Starting a business requires choosing a legal name under which to operate. This may be your own name if you set up a sole proprietorship or a company name for an LLC or corporation. To operate under any other name, you must file a DBA.
What is a DBA?
Also called a fictitious business name, assumed business name or trade name, DBA stands for “doing business as.” Entrepreneur defines a DBA as the “operating name” of a business instead of its legal name. DBAs are used for two main reasons:
• To allow business owners to operate under alternative titles
• To protect consumers by legally defining the person or corporation behind a company’s name
By putting a DBA on record, you link your name or the name of your corporation to another title and certify you’re the entity in charge of operations. This prevents unscrupulous business owners from “hiding” behind false names. It also allows sole proprietors to do business with a name reflective of the products and services they offer. In this way, a DBA can be almost synonymous with a brand.
When is a DBA Necessary?
Whether or not you file a DBA depends largely on the type of business you run, what you sell and the image you wish to project. For example, if you do freelance web design work as yourself and all of your finances are handled under your legal name, you probably don’t need a DBA. However, if you wish assign a unique title to your sole proprietorship, you’ll need to file a fictitious name.
Using a DBA can help your business stand out, especially if your legal name is very common. “John Smith, Web Designer” may not catch the attention of potential clients as much as a name like “Lost in Space Web Creations.” A DBA is required if you wish to use such a name to brand your website and business materials or open a bank account under the company’s title.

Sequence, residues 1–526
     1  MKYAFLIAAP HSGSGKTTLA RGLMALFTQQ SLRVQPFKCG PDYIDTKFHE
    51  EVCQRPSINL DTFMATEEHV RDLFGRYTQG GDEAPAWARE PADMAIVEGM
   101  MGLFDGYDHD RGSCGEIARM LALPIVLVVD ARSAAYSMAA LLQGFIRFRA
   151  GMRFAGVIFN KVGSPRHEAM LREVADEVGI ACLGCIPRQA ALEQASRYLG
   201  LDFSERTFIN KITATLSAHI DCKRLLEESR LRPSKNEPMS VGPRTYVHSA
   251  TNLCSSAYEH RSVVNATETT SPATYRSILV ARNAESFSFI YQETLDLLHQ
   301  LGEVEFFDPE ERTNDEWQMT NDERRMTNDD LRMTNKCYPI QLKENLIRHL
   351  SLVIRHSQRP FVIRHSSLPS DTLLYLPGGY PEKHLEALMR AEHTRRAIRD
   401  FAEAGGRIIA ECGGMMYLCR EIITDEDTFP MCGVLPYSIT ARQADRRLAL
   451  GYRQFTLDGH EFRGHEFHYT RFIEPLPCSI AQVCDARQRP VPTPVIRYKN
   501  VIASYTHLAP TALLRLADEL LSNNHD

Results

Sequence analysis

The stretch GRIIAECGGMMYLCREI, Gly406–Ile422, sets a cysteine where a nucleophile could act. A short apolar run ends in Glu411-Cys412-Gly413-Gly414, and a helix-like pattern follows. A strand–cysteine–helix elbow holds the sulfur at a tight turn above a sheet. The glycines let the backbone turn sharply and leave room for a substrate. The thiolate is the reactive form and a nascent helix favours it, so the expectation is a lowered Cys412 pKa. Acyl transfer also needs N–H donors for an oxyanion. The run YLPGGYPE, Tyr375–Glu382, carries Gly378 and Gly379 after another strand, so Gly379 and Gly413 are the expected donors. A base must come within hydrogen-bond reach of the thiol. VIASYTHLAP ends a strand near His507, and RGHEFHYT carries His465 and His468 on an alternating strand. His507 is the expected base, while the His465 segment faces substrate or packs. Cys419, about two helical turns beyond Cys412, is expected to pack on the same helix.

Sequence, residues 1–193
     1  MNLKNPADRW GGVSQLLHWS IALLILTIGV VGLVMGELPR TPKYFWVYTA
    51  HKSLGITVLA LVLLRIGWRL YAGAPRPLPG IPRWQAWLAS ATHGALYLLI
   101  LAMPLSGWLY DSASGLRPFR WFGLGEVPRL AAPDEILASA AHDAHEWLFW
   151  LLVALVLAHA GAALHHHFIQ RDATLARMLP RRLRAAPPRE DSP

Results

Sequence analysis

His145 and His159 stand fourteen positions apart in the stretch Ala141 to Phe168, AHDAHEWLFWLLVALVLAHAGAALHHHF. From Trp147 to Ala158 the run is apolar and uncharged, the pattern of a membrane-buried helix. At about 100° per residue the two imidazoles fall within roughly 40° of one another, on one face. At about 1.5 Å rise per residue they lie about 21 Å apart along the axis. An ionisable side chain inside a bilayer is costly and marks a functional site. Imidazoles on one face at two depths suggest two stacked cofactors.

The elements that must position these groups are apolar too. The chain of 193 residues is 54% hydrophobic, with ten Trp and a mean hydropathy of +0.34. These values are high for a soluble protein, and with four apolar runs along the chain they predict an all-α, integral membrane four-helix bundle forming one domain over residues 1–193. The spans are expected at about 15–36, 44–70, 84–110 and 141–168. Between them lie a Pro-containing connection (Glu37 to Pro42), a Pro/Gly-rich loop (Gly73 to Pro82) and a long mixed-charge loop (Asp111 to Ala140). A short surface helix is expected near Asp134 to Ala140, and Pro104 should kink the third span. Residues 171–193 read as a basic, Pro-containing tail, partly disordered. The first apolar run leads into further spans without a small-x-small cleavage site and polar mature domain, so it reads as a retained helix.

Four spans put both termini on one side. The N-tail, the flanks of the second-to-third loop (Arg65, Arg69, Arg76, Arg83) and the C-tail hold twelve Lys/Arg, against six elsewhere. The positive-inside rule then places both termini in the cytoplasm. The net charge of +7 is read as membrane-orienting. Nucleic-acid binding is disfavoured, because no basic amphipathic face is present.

LLCs and corporations aren’t usually required to file DBAs if the entities operate under the legal name originally registered for the company. In some cases, these types of businesses use DBAs to operate several smaller companies or brands. This cuts out the hassle of having to manage multiple corporate entities when selling similar products to different audiences. It also allows corporations to branch out into new markets, such as a company selling mainly to young women whose products suddenly become popular among retirees and require a separate platform from which to market and sell.
It’s important to note a DBA doesn’t give you exclusive rights to the name you choose. To prevent anyone else from using your title, you must register a trademark.
How to File Your DBA
In most states, a DBA is filed through local county offices, but a few require filing with the Secretary of State or another state agency. The Small Business Administration (SBA) website offers state-by-state information on registering a business name. You can use their chart to find out the requirements in your state or call your state’s offices for help.
Filing requires filling out a simple form stating the DBA you’ve chosen and the legal name with which you wish to associate it. Fees for filing are usually between $25 and $100 and are paid when the form is notarized.
Some states ask business owners to publish announcements of their DBAs in a local paper following filing. This serves to keep the public informed about changes in the local business scene and to give businesses more visibility in the areas where they operate.
Filing a DBA for your sole proprietorship, LLC or corporation is a simple process and can usually be completed in a few minutes. This inexpensive option gives you more opportunities for branding and can open doors to new business ventures. Find out the procedure required by your state to set up a DBA to get started operating under your fictitious business name.